For the fish aficionado there is no better market in the world than the Tsukiji Fish Market in Tokyo. This market kicks off at 4am, with the auctions held at the back of the market not officially open to the public. Hundreds of different types of seafood are available here and from around 7am Tokyo’s restaurateurs and food retailers pick through the daily catch. Approximately 2,000 tons of seafood comes under the hammer here daily and the choice of seafood is mind-boggling. Crabs, sea urchins, squid are piled high with everything from eels from Taiwan, salmon from Santiago to tuna from Tasmania. We viewed huge slabs of tuna being labelled with their country of origin and butchered.
Our host for the tour was the executive chef from the Grand Hyatt in Tokyo and he was determined to take us to breakfast at one of the sushi stalls in the surrounding grid of streets. It is traditional to eat sushi and drink beer at this early hour and he chose sea urchin and other supposed delicacies such as shirako (cod sperm) topped sushi. After breakfast we weaved our way through the outer market where kitchenware sellers and grocers and pottery merchants displayed their wares.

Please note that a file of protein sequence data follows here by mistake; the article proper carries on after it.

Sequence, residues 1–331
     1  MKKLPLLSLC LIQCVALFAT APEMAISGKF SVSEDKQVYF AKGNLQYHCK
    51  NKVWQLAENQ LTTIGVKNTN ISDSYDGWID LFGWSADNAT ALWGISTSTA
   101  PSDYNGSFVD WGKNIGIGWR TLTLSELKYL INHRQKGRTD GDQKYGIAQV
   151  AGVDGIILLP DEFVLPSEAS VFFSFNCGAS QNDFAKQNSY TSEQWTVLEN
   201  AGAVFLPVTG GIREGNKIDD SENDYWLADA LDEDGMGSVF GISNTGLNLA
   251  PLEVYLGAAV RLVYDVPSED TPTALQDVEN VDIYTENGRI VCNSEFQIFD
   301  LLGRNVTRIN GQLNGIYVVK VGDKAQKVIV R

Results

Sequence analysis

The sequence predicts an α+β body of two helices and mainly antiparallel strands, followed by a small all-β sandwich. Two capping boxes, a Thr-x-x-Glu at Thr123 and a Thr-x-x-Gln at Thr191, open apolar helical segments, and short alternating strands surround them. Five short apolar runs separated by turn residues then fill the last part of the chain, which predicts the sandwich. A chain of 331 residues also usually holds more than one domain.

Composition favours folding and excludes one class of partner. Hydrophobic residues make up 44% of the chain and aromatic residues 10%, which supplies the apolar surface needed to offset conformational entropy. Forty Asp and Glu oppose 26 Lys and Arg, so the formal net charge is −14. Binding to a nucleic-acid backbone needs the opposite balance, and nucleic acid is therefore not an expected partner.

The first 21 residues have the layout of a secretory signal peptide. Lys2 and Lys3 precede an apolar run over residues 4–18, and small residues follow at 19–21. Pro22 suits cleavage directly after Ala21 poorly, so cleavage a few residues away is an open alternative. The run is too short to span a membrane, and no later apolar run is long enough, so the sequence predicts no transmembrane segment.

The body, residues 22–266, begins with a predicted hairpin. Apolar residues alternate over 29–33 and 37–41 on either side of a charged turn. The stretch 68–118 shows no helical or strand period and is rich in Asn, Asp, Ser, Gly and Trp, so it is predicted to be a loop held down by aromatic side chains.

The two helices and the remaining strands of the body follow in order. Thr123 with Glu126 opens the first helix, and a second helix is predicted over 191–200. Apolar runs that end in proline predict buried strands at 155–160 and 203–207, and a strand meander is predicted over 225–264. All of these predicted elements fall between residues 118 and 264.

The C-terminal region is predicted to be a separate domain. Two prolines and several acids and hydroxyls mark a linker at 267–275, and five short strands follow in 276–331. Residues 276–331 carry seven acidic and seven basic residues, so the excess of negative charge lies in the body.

What is of interest in all of these markets is that there will be a common thread of produce, but it will vary according to country and climate.
If you take olive oil as an example, different countries will produce many unique varieties that will be used in their regional cuisine. In the market in Morocco we discovered argan oil which is a plant oil produced from the kernels of the argan tree. This nutty, rich oil is used to dip bread in at breakfast or drizzle on couscous or pasta. Hooked on this new oil we purchased a small and expensive bottle to bring home.
Obviously olive oil from the south of Italy will taste very different from Tuscan olive oil and that will vary from a Spanish or Portugese one or our local Village Press Frantoia olive oil produced here in the Hawke’s Bay. All these different oils will give huge variety to any recipe.
No place like home
Our own Hawke’s Bay Farmers’ Market is one of the oldest and largest farmers’ markets in New Zealand. An upsurge of interest in shopping at farmers’ markets has become apparent over recent times and our market attracts thousands of locals and bus loads of visitors annually. What is there not to love about purchasing fresh vegetables, fruit, meat, bread, specialty olive oils and coffee straight from the producer?
Another ‘must-do’ market in the summer is the Black Barn Growers’ Market. Here, nestled in the heart of the vineyard, produce such as roasted coffee, flowers, meat, pickles, olive oils and organic vegetables are on sale.
Specialty shops such as Vetro Mediterranean Foods in Ahuriri have always stocked quality lines of local produce such as Dave McKee’s verjuice, St Andrews limes, the Aromatic range and olive oil from Matapiro and Village Press. Bellatino’s Food Lovers Market in Havelock North stock local produce with a nudge towards artisan and top quality Italian imported foods and wines.
It is easy to consider that the ‘grass may be greener’ offshore, but for me I know I have won the lottery of life living here in the Hawke’s Bay with all this very fine produce to choose from.